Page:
Bruno Marchal wrote:
> I can relate with many things you say.
> Indeed I can argue that the universal (Löbian) machine already relate  
> on this, too.
> But science get rid only on subjective judgement in publication  
> (ideally), making them universally communicable.
> But considering the subjective influence themselves, science prohibit  
> them only by bad habits, ignorance, since about theology has been  
> abandoned to or stolen by the politics (523 after C.). it is just a  
> form of (sad) prohibition. It is above all "unscientific".
But that's necessary, in some way. If we try to make the very subjective
communicable, we run into the problem of making the uncommunicable
communicable. Either science fails there, or it isn't very good science
(reproducible and clearly presented) anymore. If we start to include
subjective influence, suddenly our research won't be very reproducible and
can't be very clearly presented in an objective way, which are standards for
good science.
I don't think that the scientific community excluded subjective influence
purely because of dogma, but because it is so hard to research that it is
virtually impossible to obtain good results, and so it quite justfiable to
exclude (as a first approximation of what consistutes valid science) such
research from science. It is at most fringe science, like parapsychology.
I think the mistake of many scientist is to act like fringe science (or "not
quite science anymore") is not also a valid tool for gaining insight, just
like mysticism. That's just dogma, scientism.

You are right that we can publicate subjective things without subjective
judgement, but that's not science as commonly understood, as this requires
much more than that (also well designed experiments,
reproducibility,etc...), it is just a part of science.

In a way fringe science and non-suprestitious mysticism is the continuation
of science; it continues its tradition of skepticism and open-mindedness,
but transcends scientific limitation. It is just a more difficult realm, in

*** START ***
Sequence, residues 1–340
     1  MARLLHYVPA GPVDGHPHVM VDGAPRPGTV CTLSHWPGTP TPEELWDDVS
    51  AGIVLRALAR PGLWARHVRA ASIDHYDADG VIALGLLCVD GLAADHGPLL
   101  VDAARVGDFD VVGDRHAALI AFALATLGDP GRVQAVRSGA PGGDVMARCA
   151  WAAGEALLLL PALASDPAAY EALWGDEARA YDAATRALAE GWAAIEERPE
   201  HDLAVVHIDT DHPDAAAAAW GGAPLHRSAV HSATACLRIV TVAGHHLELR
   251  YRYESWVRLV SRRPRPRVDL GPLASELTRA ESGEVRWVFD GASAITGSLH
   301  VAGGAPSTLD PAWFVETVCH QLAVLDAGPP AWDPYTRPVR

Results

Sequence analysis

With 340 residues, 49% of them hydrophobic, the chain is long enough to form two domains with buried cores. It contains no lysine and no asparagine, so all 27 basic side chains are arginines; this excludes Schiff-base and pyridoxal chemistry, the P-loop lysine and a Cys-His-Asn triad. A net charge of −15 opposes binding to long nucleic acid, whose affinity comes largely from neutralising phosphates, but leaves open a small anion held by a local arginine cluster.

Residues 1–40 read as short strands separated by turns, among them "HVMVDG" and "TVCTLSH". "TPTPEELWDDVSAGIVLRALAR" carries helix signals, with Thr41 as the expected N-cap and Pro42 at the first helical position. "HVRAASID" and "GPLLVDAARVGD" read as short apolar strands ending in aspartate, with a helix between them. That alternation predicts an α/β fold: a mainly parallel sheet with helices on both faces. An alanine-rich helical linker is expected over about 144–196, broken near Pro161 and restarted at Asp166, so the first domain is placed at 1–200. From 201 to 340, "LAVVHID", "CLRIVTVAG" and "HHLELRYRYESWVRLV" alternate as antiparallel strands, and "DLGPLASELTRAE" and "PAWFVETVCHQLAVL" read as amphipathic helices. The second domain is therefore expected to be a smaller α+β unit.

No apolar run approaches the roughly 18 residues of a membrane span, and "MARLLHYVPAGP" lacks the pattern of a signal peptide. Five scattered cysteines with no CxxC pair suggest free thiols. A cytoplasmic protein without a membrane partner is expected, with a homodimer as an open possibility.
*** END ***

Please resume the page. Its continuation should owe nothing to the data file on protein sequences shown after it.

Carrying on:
the sense that we have to be more clear and honest and non-dogmatic and
careful and skeptic than in science to really gain useful insights.

Bruno Marchal wrote:
> And here, according to the machine's comp theory (AUDA) you might be  
> rather true, but cross what can be communicated without making some  
> non provable assumption clear. Or you should add something like "I  
> hope that ...".
I have no clear assumption, and what I say are just thoughts, I am not
saying there are the truth. I think there are very interesting and possibly
useful thoughts, though.
I am not even hoping that, it is just what I think, and it happens to
include hopeful thoughts - but it is not rooted in hope. I am just not a
person rooted in hope (quite the opposite actually, I tend to be afraid and
I don't really feel like what I say is what would come out of what one could
hope. It is much more promising than anything one could hope for (like
heaven), and is so big that it naturally comes to us to find it very

You are right that unfortunately in our times it seems better to make clear
at the start that you are not dogmatic about what you say, since it is so
common to assume that you think what you write is true. I often don't do
that because I don't even believe in what I say myself. I really can't find
any thought that I don't doubt almost immediatly.

Ultimately every thought and every theory and every assumption is worthy to
be doubted, we just have to learn to not be dependent on our beliefs to
really do that. I don't even think a belief can be true, it can be useful,
that's all, and beliefs that you hold very firmly tend to be of little use.
I treat all these ideas of the conscious singularity as ideas, not as dearly
held beliefs. If it happens it is going to be infinitely unbelievable

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